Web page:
2014 Depth Chart: Denver Broncos
A look at the depth and quality of each position on the roster for the 2014 Denver Broncos.
2014 Depth Chart: Denver Broncos
[Chart last updated: 7/8/14]
• There’s no question this is a quality team. While the Super Bowl wasn’t pretty, it’s not easy to compete with a team as good as Seattle with three of your top players injured; all of Von Miller, Ryan Clady and Chris Harris Jr. would have contributed to making the game a much closer affair. What’s impressive is since then they’ve only got better. Even if you only call Aqib Talib for Dominique Rodgers-Cromartie a wash there’s no way you can view the pick-ups of Demarcus Ware and T.J. Ward as other than significant upgrades. Once again they will be the team to beat in the AFC.
• Derek Wolfe is the only player we have in the starting line-up marked as less than average (unless you think Bradley Roby won’t make an immediate impact) and I’m constantly reminded by fans we shouldn’t be as harsh on him because his key role isn’t to get pressure on the quarterback. I do understand that, but if that’s so (and I do believe it is) then he has to be a very good run defender and even that slipped this year (-2.4 grade). What made it worse was when Malik Jackson was asked to take up the slack after Wolfe’s Week 12 injury he showed the art of the possible, grading well against the run and, although his pass rush productivity dropped, still doing reasonably well as a rusher.
• I’m maybe being a little generous seeing Nate Irving as an “average” starting middle linebacker. He only played there a few snaps in his rookie year so the grade above is for how he played in relief of Von Miller on the strong-side last year and that doesn’t always translate. It’s not even as if the Broncos are happy with the situation trying and failing in free agency to replace him and then also coming up short in an attempt to get C.J. Mosley. I still can’t help but remember, though, when he was asked to take more snaps, he actually played better – and that’s why the grade is maybe higher than it should be.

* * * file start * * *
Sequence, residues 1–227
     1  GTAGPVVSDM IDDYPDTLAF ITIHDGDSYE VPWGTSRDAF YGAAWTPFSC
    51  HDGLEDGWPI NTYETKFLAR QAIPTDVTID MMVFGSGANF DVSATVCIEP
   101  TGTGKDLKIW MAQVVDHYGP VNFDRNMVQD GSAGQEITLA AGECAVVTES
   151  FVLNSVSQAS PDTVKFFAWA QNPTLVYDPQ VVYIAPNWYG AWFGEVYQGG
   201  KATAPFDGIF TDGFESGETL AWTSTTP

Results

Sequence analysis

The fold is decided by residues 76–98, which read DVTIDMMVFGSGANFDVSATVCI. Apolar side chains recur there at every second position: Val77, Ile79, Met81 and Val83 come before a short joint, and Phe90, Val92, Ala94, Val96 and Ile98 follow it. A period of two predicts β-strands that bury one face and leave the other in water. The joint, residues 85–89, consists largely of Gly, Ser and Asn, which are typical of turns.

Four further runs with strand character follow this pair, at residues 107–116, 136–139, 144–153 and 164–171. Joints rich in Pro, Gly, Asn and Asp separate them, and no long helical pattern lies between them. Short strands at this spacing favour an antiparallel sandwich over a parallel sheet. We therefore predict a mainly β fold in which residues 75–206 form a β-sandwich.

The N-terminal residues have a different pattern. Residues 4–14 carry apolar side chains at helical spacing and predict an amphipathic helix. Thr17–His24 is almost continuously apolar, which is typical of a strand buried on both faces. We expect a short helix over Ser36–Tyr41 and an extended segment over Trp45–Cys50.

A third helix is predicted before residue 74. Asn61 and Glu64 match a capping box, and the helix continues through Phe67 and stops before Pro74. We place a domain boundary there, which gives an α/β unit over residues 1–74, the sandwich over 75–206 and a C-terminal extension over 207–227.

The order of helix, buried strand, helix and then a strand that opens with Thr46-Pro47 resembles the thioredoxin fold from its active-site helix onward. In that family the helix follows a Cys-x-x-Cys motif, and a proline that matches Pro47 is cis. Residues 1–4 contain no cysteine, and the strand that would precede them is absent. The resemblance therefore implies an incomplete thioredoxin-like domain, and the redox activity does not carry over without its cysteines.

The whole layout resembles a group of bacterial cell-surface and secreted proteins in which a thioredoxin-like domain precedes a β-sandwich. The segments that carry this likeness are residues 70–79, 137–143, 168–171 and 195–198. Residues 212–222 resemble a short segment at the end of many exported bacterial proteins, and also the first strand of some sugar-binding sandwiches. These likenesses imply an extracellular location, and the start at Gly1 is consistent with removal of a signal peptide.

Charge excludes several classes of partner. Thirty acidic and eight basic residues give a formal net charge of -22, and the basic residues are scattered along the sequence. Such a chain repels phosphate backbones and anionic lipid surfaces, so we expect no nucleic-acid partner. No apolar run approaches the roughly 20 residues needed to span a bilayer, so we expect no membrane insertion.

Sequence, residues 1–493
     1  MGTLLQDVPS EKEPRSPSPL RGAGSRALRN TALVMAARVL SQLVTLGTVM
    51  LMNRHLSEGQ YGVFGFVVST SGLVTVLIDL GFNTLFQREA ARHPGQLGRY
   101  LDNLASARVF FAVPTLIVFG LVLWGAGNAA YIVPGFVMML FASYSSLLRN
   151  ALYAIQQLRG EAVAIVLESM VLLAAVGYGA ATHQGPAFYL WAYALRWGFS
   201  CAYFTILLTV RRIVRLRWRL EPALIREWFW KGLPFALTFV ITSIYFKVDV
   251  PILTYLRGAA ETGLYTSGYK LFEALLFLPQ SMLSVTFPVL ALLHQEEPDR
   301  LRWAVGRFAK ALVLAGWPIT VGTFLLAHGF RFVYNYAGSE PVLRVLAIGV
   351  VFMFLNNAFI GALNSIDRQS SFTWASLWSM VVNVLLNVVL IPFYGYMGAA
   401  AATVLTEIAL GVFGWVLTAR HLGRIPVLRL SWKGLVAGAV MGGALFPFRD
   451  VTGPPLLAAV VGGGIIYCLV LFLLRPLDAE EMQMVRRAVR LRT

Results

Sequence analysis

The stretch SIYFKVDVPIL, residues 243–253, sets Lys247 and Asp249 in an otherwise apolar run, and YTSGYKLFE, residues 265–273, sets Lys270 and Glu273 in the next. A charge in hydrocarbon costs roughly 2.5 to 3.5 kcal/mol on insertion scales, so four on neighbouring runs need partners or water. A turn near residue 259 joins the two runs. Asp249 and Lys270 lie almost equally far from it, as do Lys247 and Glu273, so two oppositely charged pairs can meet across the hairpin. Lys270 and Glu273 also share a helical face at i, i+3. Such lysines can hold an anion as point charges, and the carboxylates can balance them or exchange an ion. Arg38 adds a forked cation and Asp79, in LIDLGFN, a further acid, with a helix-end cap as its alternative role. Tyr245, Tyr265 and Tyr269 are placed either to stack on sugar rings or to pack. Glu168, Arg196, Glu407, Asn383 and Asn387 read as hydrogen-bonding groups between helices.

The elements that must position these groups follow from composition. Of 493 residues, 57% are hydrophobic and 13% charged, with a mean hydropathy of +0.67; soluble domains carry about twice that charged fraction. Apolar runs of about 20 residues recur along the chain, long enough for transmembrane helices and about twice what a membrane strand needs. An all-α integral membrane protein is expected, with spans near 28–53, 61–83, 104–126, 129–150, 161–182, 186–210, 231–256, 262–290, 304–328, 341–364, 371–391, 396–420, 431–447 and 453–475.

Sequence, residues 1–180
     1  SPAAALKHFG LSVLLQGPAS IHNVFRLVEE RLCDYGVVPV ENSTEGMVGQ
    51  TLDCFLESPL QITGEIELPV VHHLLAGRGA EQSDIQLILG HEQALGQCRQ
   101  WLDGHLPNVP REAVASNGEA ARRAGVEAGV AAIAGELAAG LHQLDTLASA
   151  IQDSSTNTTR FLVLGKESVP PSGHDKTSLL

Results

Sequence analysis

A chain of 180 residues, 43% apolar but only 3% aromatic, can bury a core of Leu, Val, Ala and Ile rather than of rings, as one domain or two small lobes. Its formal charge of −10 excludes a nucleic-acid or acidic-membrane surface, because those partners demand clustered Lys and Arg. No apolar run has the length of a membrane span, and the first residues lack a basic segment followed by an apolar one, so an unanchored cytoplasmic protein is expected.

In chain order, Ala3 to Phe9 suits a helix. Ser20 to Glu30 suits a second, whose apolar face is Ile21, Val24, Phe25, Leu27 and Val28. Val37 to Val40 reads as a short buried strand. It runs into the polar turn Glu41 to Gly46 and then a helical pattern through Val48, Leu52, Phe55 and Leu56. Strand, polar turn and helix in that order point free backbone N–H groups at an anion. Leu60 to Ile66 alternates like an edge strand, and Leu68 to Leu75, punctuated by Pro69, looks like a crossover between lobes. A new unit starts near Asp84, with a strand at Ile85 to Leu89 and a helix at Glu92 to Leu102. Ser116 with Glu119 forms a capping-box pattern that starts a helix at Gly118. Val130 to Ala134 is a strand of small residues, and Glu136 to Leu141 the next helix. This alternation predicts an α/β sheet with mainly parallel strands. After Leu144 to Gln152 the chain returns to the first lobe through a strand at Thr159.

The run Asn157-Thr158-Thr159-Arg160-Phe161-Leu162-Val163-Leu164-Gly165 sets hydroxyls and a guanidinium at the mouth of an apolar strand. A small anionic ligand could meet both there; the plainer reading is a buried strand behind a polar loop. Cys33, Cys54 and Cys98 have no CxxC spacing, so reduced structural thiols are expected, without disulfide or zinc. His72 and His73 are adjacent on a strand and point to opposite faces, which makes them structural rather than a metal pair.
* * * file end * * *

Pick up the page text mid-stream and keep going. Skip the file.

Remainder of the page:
The mark of a good group is often the lack of obvious position battles and that’s definitely the case here. In the areas where there could be some competition it’s likely both of the key competitors will get snaps and the tag starter becomes a little irrelevant. In this category I mentioned Derek Wolfe and Malik Jackson earlier and could also add Virgil Green and Joel Dreessen in the role of blocking tight end. Which simply leaves:
1. Right Cornerback in Nickel
Last year Denver drafted Kayvon Webster in the third round and for a while all looked great. Up until Week 12 he played 373 snaps and was actually grading out overall with a small positive (+3.6). However, the next three weeks, he fell to pieces logging a combined -7.5 and only seeing 12 more snaps during the run in to the Super Bowl.
Now while Chris Harris Jr. (when healthy) and Aqib Talib will play in base, when Harris moves to the slot in nickel who will play outside? Given Tony Carter’s awful season (and Super Bowl) it looks likely they may need first-rounder Bradley Roby to step straight in. Carter played well in 2012, so I think it’s too early to write him off completely, but trust will be in short supply.
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Neil Hornsby | PFF Founder
Neil founded PFF in 2006 and is currently responsible for the service to the company's 22 NFL team customers. He is constantly developing new insights into the game and player performance.